Collected from a diverse range of sources, including Parabola and The New Yorker, these essays offer some insight and grace, but the organizing principle of community is a bit diffuse. Some of the more abstruse essays are academic, like Tim Luke's analysis of liberal theory and ecology. Only a few essays offer strong reporting, like Jane Kramer's look at how the Salman Rushdie affair galvanized England's Muslims, whom she calls ``a constituency waiting to be exploited.'' Most essays are personal accounts: Los Angeles Crip warlord ``Monster Kody'' recalls his initiation into gang violence at the age of 11; journalist Phil Catalfo reports on finding friends and advice on a computer network; and former inmate/reformer Jean Harris observes how prison provides more companionship than some women have seen on the streets. Some of the most resonant essays have a spiritual component: Czech leader Vaclav Havel asserts that ``politics as the practice of morality is possible.'' Theologian Stanley Hauerwas, in a tonic critique of platitudes about rebellion against authority, maintains that students must be trained to think before they are allowed to think for themselves. Walker is Graywolf's publisher. (Nov.)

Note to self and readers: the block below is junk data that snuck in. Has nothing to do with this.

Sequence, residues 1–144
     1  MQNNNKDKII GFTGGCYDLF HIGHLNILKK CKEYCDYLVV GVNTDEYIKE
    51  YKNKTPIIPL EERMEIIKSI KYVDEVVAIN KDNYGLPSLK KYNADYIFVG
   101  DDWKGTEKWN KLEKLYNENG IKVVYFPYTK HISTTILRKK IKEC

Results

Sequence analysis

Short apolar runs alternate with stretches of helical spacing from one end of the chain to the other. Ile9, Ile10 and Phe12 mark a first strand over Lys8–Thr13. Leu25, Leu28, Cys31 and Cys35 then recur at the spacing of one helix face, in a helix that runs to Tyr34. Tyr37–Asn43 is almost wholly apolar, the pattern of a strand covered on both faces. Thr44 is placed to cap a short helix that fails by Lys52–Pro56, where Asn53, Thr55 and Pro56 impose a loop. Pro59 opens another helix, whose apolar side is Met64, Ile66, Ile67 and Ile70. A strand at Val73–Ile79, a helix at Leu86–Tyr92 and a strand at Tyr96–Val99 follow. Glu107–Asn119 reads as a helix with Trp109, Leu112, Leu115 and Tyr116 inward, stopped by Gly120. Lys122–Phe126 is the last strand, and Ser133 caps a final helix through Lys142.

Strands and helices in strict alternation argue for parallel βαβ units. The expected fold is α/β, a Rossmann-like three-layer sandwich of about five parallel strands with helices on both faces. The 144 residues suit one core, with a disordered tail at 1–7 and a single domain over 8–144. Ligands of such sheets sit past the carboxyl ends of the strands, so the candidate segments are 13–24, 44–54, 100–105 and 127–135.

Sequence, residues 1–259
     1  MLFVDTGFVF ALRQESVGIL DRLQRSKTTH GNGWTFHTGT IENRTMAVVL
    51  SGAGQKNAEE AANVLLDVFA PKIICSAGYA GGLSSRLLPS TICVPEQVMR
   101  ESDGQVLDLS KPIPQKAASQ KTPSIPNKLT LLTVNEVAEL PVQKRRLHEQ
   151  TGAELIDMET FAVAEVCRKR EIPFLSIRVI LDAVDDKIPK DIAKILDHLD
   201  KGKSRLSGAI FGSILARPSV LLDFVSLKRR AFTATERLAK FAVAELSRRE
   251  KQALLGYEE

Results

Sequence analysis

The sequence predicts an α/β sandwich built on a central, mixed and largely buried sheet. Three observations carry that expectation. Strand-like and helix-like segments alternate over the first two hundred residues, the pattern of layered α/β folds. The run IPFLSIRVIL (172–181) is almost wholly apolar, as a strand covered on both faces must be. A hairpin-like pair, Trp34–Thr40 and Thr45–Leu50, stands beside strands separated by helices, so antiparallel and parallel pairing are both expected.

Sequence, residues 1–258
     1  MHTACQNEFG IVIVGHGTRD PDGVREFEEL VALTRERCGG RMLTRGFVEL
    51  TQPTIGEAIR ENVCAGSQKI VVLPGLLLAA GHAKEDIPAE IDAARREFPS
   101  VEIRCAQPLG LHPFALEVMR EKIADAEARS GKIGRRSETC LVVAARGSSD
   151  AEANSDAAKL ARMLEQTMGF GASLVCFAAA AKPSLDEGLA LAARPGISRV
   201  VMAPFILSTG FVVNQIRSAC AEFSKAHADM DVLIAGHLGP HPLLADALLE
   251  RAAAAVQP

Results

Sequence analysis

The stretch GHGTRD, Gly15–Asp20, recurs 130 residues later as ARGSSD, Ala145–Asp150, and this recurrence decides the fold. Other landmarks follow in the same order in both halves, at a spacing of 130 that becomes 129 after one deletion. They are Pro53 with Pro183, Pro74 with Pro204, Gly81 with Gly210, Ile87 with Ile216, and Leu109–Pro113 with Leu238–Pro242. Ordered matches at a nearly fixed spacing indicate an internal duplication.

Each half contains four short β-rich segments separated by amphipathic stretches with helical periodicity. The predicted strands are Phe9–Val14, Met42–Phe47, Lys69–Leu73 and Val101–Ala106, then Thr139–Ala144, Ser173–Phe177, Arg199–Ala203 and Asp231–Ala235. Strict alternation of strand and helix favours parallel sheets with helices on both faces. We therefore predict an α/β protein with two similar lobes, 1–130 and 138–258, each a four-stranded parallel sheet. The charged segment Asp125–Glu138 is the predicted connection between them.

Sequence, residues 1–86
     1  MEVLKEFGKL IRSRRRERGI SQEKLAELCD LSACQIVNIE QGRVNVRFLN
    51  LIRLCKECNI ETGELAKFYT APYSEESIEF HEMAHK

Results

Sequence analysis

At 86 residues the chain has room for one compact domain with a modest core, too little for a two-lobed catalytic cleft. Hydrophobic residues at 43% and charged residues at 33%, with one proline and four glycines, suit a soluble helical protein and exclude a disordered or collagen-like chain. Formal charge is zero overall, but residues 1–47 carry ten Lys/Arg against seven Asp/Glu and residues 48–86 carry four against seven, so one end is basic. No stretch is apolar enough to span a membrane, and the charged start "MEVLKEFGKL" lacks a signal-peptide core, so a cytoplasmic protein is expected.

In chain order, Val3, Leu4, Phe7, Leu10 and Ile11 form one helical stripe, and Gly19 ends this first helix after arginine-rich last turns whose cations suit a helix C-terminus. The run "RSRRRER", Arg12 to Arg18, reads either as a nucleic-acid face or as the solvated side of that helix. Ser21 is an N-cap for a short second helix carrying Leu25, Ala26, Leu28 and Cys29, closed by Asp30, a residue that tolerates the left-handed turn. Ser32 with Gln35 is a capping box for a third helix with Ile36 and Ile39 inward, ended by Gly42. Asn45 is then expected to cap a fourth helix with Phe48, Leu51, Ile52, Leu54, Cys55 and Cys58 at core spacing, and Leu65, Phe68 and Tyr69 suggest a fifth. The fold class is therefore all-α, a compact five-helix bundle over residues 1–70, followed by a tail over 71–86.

Reviewed on: 10/04/1993 Release date: 10/01/1993 Genre: Nonfiction
During the Covid-19 crisis, Publishers Weekly is providing free digital access to our magazine, archive, and website. To receive the access to the latest issue delivered to your inbox free each week, enter your email below.